After attending one session last year, “we
ended up hiring more people at the family
office to do more due diligence on managers,
to increase our accounting capabilities,” says
Todd Goergen, who runs Ropart Asset
Management, a private-equity fund financed by
wealth created by the consumer-products busi-
ness his father founded, publicly traded Blyth.

But Goergen says the discussions he had
with fourth- or fifth-generation heirs of
wealthy European families made him think
for the first time about issues he hadn’t even
contemplated before. “Both my brother and I
work hard, and are very happy to do so,” he
says. “But what happens when the wealth is
passed to our children, and my kids are lazy,
and my brother’s kids work hard? Do my kids
live off of his kids’ work?”

Goergen and his wife, who live in New
York, don’t even have children yet. But his
older brother has a son and daughter—
and experts in counseling the wealthy say
it’s never too early to start planning for the
next generation.

The problem is that talking about money is
often harder than explaining the facts of life or
having a debate about politics or religion. The
more money there is, the harder it gets.

Wealthy parents “don’t want their chil-
dren to be spoiled, to feel entitled, and yet
they want them to enjoy the benefits that
wealth brings,” says Charlotte Beyer, founder
of the Institute for Private Investors, a New
York-based networking, research and educa-
tion organization for high-net-worth families.

“They yearn for a banker who is skilled
enough at family-dynamics issues to help
them ensure their children retain a sense of
passion about achieving something on their
own, to help the children learn who to trust
and become good stewards of wealth.”

Private bankers, to be sure, usually aren’t
psychiatrists. But the industry is steadily
building its skills in the realm of family
dynamics. The Williams Group, a California
consulting firm that works with the wealthy
on family-relationship issues in wealth trans-
fer, has started helping bankers learn about
the field and this, says Victor Preisser, can be
a balancing act. Banks “don’t want to take a
successful private banker and turn him into a
mediocre coach or half-baked psychologist,"
he says. “If we do our jobs, they’re still pri-
vate bankers, but ones who can help clients
think about the softer issues.”

Still, skeptics question whether all these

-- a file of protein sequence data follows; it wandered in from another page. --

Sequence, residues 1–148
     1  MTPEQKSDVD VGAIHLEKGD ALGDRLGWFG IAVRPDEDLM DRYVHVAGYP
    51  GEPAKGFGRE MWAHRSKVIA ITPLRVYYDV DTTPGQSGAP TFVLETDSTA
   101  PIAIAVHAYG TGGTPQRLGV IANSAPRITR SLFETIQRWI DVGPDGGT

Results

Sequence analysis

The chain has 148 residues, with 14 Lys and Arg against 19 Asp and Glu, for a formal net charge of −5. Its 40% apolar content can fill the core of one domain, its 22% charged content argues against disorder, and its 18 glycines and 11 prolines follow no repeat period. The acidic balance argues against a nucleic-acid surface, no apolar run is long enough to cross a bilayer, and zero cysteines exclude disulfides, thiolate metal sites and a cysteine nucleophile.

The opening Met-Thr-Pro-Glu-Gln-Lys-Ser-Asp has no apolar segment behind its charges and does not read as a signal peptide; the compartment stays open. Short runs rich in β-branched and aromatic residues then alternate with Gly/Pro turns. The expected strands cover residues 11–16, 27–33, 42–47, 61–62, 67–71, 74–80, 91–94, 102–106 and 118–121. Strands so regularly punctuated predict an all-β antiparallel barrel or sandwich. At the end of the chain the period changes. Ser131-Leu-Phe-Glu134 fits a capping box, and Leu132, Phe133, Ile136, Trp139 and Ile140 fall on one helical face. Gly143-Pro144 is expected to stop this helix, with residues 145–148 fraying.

efforts really benefit families.
“They may be well-intentioned, but a lot
of our members see these education and
communication efforts more as a way to
build brand loyalty, rather than to deliver
added value,” says Michael Sonnenfeldt, a
real-estate entrepreneur and founder of
TIGER 21, an organization that creates a
forum for very wealthy businessmen and
professionals to exchange investment ideas.

Bankers reply that providing advice
about how to prepare children to inherit
wealth is simply a logical next step after they
advise clients on maximizing wealth and
passing it on. “If all you are doing is making
sure you are getting wealth to the next gen-
eration, you may be doing more harm than
good,” says de Chellis of UBS.
Certainly, the perils of choosing not to
talk about wealth at all are all too apparent.

Children can grow up ill-prepared and
resentful. In Born Rich, Jamie Johnson
recalls learning about his family’s wealth
when, at the age of 10, a friend found his
father’s name on the Forbes list of the 400
richest Americans. The friend read aloud the
description to the whole class, and even his
teacher ran over to check it out. “It was
strange, all my friends and me finding out at
the same time how rich my family was,” he
recalls in the film. “I felt that I was learning a
secret that I wasn’t supposed to know.”

The son of media mogul S.I. Newhouse
recalled in the film that a similar disclosure
at his own school prompted his classmates
“to beat the crap out of me—at a Quaker
school!” Worst of all, he said, was that his
father didn’t seem to notice.

Private bankers urge clients to spill the
beans early, especially in the age of the
Internet, when a child or a child’s best friend
or worst enemy at school can easily come up
with a rough figure of what that child is
worth. Failing to discuss the wealth at all
may lead children to assume that they aren’t
trusted or that they will never need to worry
about money.

Holly Isdale, head of the wealth advisory
group of Lehman Brothers’ investment-man-
agement business, says one of her current
clients realized they needed guidance after